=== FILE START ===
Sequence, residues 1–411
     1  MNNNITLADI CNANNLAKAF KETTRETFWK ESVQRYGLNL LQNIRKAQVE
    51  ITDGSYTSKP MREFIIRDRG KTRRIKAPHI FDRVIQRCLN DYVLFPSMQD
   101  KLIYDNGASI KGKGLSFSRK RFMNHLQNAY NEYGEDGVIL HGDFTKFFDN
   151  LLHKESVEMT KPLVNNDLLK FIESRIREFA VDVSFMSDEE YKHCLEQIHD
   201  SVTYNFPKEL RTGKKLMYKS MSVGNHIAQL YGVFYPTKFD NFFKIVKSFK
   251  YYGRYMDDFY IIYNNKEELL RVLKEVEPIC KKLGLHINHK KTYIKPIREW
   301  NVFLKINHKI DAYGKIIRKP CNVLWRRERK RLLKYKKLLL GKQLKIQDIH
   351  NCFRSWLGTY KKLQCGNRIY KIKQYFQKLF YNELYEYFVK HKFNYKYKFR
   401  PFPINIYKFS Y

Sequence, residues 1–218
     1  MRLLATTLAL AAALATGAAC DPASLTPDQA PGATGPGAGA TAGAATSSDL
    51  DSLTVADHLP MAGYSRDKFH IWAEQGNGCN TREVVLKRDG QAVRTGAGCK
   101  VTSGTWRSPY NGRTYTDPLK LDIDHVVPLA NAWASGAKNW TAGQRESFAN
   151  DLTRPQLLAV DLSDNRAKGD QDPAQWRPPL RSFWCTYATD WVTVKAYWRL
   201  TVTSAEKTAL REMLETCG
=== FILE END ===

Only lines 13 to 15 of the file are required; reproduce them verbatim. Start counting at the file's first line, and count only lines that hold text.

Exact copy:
    51  DSLTVADHLP MAGYSRDKFH IWAEQGNGCN TREVVLKRDG QAVRTGAGCK
   101  VTSGTWRSPY NGRTYTDPLK LDIDHVVPLA NAWASGAKNW TAGQRESFAN
   151  DLTRPQLLAV DLSDNRAKGD QDPAQWRPPL RSFWCTYATD WVTVKAYWRL